The withdrawal agreement between the United Kingdom and the European Union was signed in November 2019, and came into force at the end of the Brexit transition period on December 31, 2020. It lays out the terms of the UK’s departure from the EU and the ongoing relationship between the two parties.
One important element of the withdrawal agreement is the requirement for both sides to act in good faith in relation to the implementation of its provisions. Article 5 of the agreement sets out this obligation, stating that “the parties shall, in full mutual respect and good faith, assist each other in carrying out tasks which flow from this agreement.”
The principle of acting in good faith is a fundamental element of international law, and is often included in treaties and agreements between states. It implies a duty to act honestly and fairly, and to refrain from any conduct that would undermine the objectives of the agreement.
In the context of the withdrawal agreement, acting in good faith involves a number of specific obligations on both the UK and the EU. These include:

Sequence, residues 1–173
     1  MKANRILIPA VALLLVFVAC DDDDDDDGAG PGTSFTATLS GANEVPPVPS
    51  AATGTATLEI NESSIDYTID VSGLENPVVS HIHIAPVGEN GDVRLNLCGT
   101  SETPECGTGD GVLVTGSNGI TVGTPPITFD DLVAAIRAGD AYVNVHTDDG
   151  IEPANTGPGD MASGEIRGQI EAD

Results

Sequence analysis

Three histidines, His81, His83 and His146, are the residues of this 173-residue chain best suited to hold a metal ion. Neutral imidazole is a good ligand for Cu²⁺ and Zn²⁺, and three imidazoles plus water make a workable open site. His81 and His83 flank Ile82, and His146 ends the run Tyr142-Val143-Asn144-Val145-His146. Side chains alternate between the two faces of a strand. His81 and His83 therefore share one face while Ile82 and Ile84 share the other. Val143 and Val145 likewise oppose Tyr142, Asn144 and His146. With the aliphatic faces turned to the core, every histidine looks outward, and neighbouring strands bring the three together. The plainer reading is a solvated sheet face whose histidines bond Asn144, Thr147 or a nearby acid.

1. Implementing the provisions of the agreement in a timely and effective manner, and taking steps to ensure compliance with its requirements.
2. Cooperating with each other in areas such as trade, border management, and security, and sharing information where necessary to ensure effective implementation of the agreement.
3. Respecting the rights and obligations of each other under the agreement, and refraining from any conduct that would undermine these.
4. Maintaining an open and constructive dialogue, and working together to resolve any disputes that may arise in relation to the implementation of the agreement.
The obligation to act in good faith is particularly important in the context of the Northern Ireland Protocol, which forms an integral part of the withdrawal agreement. The protocol aims to avoid a hard border on the island of Ireland by keeping Northern Ireland aligned with EU customs and regulatory rules. This requires a significant degree of cooperation between the UK and the EU, and any failure to act in good faith could jeopardize the operation of the protocol and threaten peace and stability in the region.
In summary, the requirement to act in good faith is a crucial element of the withdrawal agreement between the UK and the EU. It imposes a duty on both sides to cooperate effectively and to respect each other`s rights and obligations under the agreement. As the UK and the EU move forward with implementing the provisions of the agreement, it will be essential for both sides to maintain a spirit of mutual respect and good faith, in order to ensure its success.